Placing
Concrete  delivery should be closely coordinated with placing and finishing  operations. Concrete should not be poured faster than it can be worked -  spreading, consolidating, bull floating. Instead, concrete should be  poured continuously as near as possible to its final position. You  should never dump concrete into separate piles and work together.

Consolidation
Placing  concrete in forms and then consolidating is popular for some types of  construction. The consolidation process uses vibration and gravity to  compact fresh concrete within the forms and around embedded items and  reinforcement. This process eliminates unwanted pockets of trapped air,  honeycomb, and stone while maintaining significant amounts of entrained  air. The vibration temporarily suspends the natural friction between the  aggregate particles, causing the concrete to behave as a liquid.  Internal friction resumes as the vibration is stopped.

Finishing
Visible  concrete - slabs used for driveways, patios, etc. - will often need  finishing. You can finish your concrete in many ways, including color  tinting and texturing. Patterned-stamped finishes are very popular on  projects of all sizes. Some surfaces may require just strike off and  screeding to proper contour and elevation. Others may be better off with  a broomed, troweled or floated finish. Strike off and screeding is the  process of cutting off excess concrete to bring the top surface of the  slab to proper grade. A straight edge is moved across the concrete with a  sawing motion and progresses forward a short distance with each  movement.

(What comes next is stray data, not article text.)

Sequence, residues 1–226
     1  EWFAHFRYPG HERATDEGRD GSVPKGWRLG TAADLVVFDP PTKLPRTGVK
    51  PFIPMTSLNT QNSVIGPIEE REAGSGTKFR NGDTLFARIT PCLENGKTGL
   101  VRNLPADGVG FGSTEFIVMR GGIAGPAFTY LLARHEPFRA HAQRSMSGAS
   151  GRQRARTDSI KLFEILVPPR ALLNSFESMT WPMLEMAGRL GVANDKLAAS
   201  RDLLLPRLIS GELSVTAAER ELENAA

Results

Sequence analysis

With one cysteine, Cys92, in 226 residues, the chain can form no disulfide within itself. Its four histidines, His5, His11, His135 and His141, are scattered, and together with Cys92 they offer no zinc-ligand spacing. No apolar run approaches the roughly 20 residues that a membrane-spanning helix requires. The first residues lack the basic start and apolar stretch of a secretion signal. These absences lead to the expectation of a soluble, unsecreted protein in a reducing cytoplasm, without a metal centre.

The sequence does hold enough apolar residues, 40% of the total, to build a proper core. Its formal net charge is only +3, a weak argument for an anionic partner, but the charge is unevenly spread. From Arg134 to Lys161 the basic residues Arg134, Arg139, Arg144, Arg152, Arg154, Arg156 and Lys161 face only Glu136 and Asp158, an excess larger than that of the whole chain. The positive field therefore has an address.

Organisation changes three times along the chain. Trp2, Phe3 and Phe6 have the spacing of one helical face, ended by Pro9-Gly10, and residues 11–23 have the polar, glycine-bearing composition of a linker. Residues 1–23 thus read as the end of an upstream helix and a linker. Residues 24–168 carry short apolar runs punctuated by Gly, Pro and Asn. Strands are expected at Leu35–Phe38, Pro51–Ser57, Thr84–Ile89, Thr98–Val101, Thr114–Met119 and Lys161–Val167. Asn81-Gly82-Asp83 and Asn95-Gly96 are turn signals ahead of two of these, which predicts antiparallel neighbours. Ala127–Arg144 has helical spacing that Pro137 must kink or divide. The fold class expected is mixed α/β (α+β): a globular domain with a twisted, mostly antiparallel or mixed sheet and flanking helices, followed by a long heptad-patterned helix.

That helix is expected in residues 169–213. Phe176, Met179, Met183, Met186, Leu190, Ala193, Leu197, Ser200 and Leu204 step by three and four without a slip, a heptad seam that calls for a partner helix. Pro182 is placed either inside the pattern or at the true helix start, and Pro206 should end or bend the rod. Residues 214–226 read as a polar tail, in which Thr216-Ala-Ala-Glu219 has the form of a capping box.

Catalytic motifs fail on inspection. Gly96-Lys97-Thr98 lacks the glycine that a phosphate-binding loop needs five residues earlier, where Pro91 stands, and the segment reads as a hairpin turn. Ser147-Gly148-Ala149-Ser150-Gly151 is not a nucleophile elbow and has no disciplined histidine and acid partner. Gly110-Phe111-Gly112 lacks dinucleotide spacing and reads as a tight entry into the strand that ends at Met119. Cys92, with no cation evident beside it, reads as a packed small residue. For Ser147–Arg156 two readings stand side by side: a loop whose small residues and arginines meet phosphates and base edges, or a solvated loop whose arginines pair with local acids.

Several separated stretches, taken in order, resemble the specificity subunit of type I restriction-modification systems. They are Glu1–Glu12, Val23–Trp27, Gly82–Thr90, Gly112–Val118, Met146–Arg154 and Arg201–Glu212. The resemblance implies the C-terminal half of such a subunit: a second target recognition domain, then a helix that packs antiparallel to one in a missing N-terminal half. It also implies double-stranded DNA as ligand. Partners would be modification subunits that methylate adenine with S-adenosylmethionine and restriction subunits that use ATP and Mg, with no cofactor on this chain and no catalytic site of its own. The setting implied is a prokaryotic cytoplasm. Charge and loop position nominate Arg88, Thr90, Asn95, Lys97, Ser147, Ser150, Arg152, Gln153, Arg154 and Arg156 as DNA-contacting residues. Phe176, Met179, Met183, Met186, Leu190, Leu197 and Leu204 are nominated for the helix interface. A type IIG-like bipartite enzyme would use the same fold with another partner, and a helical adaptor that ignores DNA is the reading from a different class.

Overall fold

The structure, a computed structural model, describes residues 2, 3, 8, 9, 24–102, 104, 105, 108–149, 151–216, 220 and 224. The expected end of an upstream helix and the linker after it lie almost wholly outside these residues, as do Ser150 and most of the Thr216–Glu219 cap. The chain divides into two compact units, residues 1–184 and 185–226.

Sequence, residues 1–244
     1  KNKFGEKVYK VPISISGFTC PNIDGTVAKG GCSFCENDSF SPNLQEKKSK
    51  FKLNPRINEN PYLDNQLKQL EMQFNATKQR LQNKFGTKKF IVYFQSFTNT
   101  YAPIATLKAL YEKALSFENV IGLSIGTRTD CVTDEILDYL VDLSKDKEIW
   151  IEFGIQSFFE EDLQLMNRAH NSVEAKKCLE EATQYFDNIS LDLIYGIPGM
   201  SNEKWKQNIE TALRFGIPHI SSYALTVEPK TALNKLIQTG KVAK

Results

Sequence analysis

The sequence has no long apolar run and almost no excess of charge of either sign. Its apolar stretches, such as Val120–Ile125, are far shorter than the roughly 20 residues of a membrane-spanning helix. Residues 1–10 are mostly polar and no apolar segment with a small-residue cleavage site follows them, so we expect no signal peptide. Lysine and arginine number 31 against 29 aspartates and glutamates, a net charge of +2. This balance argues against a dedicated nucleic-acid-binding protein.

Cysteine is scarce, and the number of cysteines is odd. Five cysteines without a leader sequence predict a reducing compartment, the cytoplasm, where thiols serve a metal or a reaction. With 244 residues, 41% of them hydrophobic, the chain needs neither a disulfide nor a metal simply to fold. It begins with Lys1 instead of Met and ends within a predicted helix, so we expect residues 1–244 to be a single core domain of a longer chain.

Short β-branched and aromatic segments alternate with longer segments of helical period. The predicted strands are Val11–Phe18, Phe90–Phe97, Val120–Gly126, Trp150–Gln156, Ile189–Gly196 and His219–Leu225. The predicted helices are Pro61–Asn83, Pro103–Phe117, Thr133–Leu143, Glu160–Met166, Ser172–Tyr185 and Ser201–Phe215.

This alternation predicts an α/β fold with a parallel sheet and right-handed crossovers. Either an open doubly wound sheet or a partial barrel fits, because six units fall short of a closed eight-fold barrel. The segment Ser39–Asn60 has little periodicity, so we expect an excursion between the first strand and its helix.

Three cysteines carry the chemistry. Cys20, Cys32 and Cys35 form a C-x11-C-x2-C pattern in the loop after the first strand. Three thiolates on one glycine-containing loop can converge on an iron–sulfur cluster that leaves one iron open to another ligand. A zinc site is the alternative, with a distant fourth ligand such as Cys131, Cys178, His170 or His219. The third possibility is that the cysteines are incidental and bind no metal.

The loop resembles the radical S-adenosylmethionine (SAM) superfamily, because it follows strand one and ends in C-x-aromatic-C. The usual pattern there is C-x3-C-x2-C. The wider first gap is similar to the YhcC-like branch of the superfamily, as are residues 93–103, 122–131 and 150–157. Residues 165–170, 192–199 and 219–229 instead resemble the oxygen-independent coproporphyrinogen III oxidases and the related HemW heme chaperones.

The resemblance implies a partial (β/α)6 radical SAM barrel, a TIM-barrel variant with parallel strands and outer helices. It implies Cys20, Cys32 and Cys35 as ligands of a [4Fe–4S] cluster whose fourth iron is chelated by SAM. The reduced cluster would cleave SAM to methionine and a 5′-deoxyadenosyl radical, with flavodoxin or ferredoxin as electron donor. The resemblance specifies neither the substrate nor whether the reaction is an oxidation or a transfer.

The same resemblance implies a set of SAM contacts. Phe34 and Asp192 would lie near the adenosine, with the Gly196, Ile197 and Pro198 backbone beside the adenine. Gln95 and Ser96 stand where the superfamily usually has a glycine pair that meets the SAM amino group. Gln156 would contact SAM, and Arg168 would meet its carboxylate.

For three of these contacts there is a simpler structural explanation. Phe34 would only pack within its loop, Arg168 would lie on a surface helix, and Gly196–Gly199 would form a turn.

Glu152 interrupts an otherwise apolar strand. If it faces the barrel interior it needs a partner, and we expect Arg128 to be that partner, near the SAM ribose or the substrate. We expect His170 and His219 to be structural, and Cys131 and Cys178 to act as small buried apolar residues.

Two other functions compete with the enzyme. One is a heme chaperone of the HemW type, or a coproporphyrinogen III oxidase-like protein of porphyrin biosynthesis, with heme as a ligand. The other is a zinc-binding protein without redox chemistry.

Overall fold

Bull floating  eliminates high and low spots and embeds large aggregate particles  immediately after strike off. This looks like a long-handled straight  edge pulled across the concrete. Jointing is required to eliminate  unsightly random cracks. Contraction joints are made with a hand groover  or by inserting strips of plastic, wood, metal, or preformed joint  material into the unhardened concrete. Saw cut joints can be made after  the concrete is sufficiently hard or strong enough to prevent raveling.  After the concrete has been jointed, it should be floated with a wood or  metal hand float or with a finishing machine using float blades. This  embeds aggregate particles just beneath the surface; removes slight  imperfections, humps, and voids; and compacts the mortar at the surface  in preparation for additional finishing operations. Where a smooth,  hard, dense surface is desired, floating should be followed by steel  troweling. Troweling should not be done on a surface that has not been  floated; troweling after only bull floating is not an adequate finish  procedure. A slip-resistant surface can be produced by brooming before  the concrete has thoroughly hardened, but it should be sufficiently hard  to retain the scoring impression.

Curing and Drying

Curing